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Chapter Five 1999 Post-Elections Period - Leicester Research ...

Chapter Five 1999 Post-Elections Period - Leicester Research ...

123 Table 4.16: Failed

123 Table 4.16: Failed Government Frame‟s problem definitions and causal interpretations Prob. Definitions/Causal Interpret. Presenters Paragraphs Articles The MCP failed UDF 6 (35.3%) 6 The MCP did not care for the people‟s needs UDF/AFORD 5 (29.4%) 5 The MCP development agenda favoured one region UDF/AFORD 6 (35.3%) 6 Total 17 (100%) 17 The narrative made a simple declaration that the MCP government had failed to develop the country in all areas of life (See Table 4.16). Joseph Kubwalo (1994, p.190) of the UDF argued: “The people have been neglected for 30 years . . . People have suffered enough.” The AFORD MP Shawa (1994) noted: “. . . I have not seen any development all the time when the MCP government was in power.” The UDF MP Kamangadazi Chambalo (1994, p.155) declared: We have no accessible roads, no health centres, no sufficient food, no water supplies, no plots allocation to people, recreation centres are not there, no markets and many other facilities are lacking. In short, the MCP regime was viewed as lacking in any form of positive achievement that could have bettered the lives of the citizens. In contrast, the UDF committed itself to working for the betterment of the people. As will be noted by examining Table 4.18 below, the UDF‟s moral evaluations were simple extensions of the problem definitions in Table 4.16. In this respect it serves no purpose to explain them again. 4.4.2.2 MCP‟s Response to the Failed Government Frame By its very nature parliamentary debate permitted the MCP to offer counter-arguments to the UDF onslaught. The MCP MPs, supported by some of their AFORD colleagues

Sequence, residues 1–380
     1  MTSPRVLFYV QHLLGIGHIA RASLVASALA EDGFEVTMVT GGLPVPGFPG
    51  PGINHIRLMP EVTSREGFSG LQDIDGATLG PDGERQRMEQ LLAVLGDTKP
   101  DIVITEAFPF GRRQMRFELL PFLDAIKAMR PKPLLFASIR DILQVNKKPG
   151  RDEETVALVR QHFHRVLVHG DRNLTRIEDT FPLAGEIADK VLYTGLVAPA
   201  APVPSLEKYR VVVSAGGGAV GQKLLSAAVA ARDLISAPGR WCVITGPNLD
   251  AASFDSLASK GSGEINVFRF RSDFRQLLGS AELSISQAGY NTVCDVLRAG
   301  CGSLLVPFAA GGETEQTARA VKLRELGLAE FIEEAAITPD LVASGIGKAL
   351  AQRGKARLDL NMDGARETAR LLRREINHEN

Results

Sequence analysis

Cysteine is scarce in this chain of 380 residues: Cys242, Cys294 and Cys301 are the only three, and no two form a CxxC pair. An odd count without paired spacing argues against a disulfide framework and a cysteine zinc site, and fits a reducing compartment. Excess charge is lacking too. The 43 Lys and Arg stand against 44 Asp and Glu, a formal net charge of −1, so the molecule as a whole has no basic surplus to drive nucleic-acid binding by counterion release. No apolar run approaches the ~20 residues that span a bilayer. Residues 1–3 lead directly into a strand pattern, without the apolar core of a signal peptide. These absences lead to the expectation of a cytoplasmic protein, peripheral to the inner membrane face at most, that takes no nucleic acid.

124 advanced the argument that the MCP government had notable successes in some aspects of national development, and had failed in some as governments all over the world are prone (See Table 4.17). In this respect, the MPs listed infrastructure developments that had taken place during the party‟s rule. The MCP MP, Kalolo (1994) argued: In this regard, I find it hard to believe that for all the 31 years that the MCP was in power, it did nothing in terms of development. This is what can be termed as terminological inexactitude. (Laughter) Because, Mr. First Deputy Speaker, Sir, there are many projects which the former government did and fulfilled to the envy of the donor community. The AFORD MP Melvin Moyo (1994) noted: . . . I would like to say the MCP had a share of its failures and successes. Therefore, our colleagues in the government must remember that they too will have a share of failures and successes (Interjection: Hear! Hear! Hear!). Table 4.17: Failed Government Frame moral evaluations Moral Evaluations Presenters Paragraphs Articles The MCP was selfish and cared to develop one region UDF/AFORD 8 (61.5%) 8 The MCP had successes and failures AFORD/MCP 5 (38.5%) 5 Total 13 (100%) 13 Surprisingly, for a frame that dealt with failures of the previous regime in the past 31 years, there were no treatment recommendation paragraphs. National development has to do with the deployment of national resources. It is surprising that the UDF MPs failed to provide an explanation of how they would deploy these resources now that they were in power. It is even more surprising that the MCP/AFORD alliance did not

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